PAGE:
A former polygraph examiner as well as Oklahoma City Detective Sergeant Doug Williams was sentenced to two-years in prison in the year 2015 for actions related to his efforts to teach people on how to defeat the polygraph. After many years of using the technology, he started to doubt the results and instructed thousands of people how to use techniques to defeat the polygraph. Williams rates its accuracy as 50 percent or more. In reality, U.S. government agencies have trained individuals who participate in undercover operations how to defeat the polygraph, which is a confirmation of Williams claims that strategies could be learned to beat the polygraph.

Manipulation During Relevant Questions

Practicing relaxation techniques
Mental calculations
I was thinking of subjects that can be calming.

The positive impact of the Polygraph

Despite its flaws polygraph established a new standard in the use of truth-verification technology in the police interview process . It also set the stage for new innovations in the future. The polygraph community is an influential lobby and many loyal customers. A lot of examiners who have been educated to utilize this technology are not willing to re-invent their abilities or invest in technology that is more modern however, approximately thirty percent of the most prestigious polygraph studies suggest that this truth-verification tool isn’t as reliable as people would think it is. The results of studies vary in assessing the precision of the polygraph with estimates that range between 70-90 percent accuracy. In addition just 29 percent from 194 “scientific studies” that were cited as evidence by those who advocate for the polygraph met the standards for scientific quality, as per The 2003 National Research Council report by the Committee to Review the Scientific Evidence regarding the Polygraph.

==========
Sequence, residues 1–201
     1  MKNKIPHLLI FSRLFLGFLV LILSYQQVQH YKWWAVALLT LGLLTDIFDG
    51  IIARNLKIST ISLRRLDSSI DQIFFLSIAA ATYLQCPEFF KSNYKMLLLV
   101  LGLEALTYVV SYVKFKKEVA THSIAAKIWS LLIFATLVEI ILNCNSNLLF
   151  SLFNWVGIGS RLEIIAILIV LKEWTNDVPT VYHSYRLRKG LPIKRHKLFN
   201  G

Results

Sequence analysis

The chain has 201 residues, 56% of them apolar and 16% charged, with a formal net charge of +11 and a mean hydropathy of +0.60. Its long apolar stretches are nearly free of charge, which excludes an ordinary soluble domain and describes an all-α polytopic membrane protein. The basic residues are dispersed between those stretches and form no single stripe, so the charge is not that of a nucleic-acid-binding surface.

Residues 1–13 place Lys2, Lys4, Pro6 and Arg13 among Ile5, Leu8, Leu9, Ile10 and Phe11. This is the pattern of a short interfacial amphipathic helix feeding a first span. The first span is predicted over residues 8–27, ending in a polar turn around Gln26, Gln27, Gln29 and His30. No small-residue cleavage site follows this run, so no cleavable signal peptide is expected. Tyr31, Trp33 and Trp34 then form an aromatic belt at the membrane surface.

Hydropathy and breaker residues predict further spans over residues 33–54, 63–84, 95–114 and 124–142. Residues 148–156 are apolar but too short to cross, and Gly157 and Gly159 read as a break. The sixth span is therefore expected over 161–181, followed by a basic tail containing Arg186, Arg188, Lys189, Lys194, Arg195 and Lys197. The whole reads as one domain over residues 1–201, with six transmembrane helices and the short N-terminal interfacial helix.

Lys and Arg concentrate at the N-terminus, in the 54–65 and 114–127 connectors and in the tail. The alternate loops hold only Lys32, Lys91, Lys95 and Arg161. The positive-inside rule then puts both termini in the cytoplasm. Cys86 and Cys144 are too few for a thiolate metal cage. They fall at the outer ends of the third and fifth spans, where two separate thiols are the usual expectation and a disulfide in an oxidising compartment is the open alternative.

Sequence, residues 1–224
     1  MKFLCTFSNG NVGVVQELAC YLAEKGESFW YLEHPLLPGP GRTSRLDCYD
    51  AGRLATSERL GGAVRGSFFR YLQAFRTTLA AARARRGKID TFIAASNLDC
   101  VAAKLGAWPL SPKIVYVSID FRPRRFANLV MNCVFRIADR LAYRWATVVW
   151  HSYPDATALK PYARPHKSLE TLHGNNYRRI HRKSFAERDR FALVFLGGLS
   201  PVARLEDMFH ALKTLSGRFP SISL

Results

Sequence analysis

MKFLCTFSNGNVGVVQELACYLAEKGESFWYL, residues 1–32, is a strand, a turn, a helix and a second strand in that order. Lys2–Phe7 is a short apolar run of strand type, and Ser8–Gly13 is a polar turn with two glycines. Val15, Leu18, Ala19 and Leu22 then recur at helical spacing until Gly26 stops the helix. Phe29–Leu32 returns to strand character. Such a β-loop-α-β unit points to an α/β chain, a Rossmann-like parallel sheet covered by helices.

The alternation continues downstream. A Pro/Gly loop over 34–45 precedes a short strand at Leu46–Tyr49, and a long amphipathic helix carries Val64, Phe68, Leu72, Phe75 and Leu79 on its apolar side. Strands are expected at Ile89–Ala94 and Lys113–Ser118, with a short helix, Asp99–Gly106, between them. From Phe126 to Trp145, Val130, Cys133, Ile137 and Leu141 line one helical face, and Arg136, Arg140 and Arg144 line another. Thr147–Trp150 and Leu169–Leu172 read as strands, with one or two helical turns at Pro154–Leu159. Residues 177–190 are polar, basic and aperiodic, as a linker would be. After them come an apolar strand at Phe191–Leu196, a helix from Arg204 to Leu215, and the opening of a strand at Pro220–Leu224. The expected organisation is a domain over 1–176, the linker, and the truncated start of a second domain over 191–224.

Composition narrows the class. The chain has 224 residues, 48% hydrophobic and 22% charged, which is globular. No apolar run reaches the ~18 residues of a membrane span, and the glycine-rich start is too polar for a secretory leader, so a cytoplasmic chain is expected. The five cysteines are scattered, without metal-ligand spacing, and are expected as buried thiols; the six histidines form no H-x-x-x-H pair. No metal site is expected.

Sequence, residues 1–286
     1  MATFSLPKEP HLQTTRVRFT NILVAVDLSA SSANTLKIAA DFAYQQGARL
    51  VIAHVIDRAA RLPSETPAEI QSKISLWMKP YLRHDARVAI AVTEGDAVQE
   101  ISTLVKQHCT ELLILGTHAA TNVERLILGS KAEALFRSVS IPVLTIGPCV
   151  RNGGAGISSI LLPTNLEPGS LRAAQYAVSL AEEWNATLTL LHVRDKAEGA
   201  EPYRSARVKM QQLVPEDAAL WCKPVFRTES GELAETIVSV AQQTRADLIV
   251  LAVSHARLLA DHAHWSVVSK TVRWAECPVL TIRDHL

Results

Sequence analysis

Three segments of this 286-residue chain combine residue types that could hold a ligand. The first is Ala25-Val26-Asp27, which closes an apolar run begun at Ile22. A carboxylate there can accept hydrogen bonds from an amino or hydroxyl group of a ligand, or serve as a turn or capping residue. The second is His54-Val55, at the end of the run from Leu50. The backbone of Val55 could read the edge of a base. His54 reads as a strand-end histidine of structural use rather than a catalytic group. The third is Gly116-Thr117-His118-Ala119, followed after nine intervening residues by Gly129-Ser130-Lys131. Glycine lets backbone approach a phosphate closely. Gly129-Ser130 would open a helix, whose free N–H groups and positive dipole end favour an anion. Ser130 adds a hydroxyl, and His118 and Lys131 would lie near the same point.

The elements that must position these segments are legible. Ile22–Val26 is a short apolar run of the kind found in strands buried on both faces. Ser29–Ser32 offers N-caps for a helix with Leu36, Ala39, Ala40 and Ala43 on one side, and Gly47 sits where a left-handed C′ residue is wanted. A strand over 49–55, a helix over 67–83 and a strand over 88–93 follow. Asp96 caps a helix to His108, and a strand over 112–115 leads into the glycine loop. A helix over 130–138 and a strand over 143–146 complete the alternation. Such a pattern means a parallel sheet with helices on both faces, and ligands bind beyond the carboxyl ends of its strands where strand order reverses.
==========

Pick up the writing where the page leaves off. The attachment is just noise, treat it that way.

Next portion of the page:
The evidence of polygraphs has been accepted in court. the states that allow it are 19 and that is based on specific conditions for every state. The technology is also employed for pre-employment screening in both the private and public sector. One of the main advantages to the use of the polygraph may be used to obtain confessions following examinations in cases where people believe that fraud has been discovered. However, in the modern Internet Age, individuals who are subjected to polygraph tests have access to information on the polygraph that was previously not accessible and, in certain instances it was not released to the public.